Wow! First, every SCUBA instructor with any time teaching has had a student fail to certify. The reasons are those you mention. However, The time constraints imposed by trying to do this course on a ship raise the chances past what I'd be willing to pay for. That being said if I had a group class with a 50% failure rate, I'd be doing some real explaining to our shop's Training Director at a minimum. Ear problems are common, If an open water student actually suffered a ruptured eardrum on a training dive that's a HUGE issue, and an instructor should be answering a LOT of questions about exactly what took place. A student having trouble with skills in the pool is so common that it is expected in every group class. However, the rigid schedule on the ship likely precludes the usual remedy - the instructor taking extra time with the student's having troubles. There's no excuse for you not knowing you weren't going to pass until you were back on the boat. An instructor certainly has an obligation not to certify a student who has failed to complete the skills - although it's a difficult part of the instructor's job - but implicit in that obligation is the understanding that the student will be advised of the deficiency at a point where correction can be accomplished. Your account crystalizes many of the concerns I have for students attempting to certify using this route. The on-board course relies very heavily on everything and everyone adhering to a very inflexible schedule. Here on planet earth, things just don't seem to work that way. Harris Denver, CO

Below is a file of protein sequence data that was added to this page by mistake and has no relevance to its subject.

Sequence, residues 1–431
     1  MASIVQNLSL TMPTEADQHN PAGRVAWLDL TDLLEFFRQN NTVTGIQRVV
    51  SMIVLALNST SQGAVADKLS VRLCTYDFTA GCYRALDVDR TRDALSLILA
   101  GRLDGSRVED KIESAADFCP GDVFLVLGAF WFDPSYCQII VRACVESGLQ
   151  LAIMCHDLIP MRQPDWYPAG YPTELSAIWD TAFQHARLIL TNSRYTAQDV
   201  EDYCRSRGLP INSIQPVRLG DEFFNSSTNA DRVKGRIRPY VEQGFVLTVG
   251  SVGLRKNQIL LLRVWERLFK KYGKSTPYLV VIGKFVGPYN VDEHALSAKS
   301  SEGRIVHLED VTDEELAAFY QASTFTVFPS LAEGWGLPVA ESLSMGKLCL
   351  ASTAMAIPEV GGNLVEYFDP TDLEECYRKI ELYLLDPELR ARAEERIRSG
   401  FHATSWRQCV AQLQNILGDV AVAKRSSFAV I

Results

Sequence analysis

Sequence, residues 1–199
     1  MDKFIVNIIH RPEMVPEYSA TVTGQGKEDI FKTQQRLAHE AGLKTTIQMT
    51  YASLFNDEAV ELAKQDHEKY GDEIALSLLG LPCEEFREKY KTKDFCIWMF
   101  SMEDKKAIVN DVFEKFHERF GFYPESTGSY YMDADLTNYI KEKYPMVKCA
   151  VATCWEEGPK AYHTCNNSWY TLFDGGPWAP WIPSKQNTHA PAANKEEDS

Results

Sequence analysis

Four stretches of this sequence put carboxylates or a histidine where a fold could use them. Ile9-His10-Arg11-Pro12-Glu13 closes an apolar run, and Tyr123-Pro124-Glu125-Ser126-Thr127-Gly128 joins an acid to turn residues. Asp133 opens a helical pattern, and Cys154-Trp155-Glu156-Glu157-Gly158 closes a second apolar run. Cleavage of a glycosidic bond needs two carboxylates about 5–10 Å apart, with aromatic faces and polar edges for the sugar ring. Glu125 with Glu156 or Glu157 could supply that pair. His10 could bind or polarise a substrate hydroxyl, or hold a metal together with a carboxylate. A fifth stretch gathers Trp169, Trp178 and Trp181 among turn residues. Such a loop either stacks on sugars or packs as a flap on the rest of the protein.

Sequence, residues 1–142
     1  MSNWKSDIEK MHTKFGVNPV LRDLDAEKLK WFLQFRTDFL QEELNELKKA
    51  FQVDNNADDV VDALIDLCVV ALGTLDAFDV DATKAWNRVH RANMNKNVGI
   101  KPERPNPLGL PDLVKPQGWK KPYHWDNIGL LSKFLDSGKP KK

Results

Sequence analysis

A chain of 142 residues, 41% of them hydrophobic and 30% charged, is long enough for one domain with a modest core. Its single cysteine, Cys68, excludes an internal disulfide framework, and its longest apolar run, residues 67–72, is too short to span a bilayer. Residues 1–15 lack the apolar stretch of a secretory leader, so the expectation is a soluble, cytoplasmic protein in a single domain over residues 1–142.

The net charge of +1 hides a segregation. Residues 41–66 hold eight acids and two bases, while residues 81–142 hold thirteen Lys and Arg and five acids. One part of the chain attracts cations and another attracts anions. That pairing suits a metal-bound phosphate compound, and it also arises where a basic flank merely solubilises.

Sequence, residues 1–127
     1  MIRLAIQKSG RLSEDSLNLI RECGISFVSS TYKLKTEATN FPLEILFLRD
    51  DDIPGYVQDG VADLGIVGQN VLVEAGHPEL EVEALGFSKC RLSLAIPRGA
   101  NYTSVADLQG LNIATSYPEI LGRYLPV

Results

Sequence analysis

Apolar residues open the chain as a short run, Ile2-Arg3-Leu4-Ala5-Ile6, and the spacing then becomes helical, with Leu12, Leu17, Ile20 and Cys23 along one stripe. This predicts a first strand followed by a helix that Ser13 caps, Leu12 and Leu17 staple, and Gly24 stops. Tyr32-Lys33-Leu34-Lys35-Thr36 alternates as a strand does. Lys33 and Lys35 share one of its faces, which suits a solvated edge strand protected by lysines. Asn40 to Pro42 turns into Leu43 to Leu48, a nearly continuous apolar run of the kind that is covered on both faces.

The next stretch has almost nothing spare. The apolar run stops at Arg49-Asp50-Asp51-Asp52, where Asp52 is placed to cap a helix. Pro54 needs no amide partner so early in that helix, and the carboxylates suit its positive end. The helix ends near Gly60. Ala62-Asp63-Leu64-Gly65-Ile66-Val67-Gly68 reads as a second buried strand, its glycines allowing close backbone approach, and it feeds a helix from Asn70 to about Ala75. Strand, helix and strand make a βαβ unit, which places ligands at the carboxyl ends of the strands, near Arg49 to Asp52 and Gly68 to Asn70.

12. I remember a post about a year ago. A person was quite upset because they figured they'd save money by doing the trip on their own, only to find out that there were no tickets available because every seat had been purchased in advance, by the cruise line. (Found the old thread here: https://boards.cruisecritic.com/showthread.php?t=2450665&highlight=flam+railway) If this is an important element of your trip, I'd say don't necessarily expect to purchase tickets on the day; but do so in advance. Harris Denver, CO
  13. omeinv

    Full face mask for kids?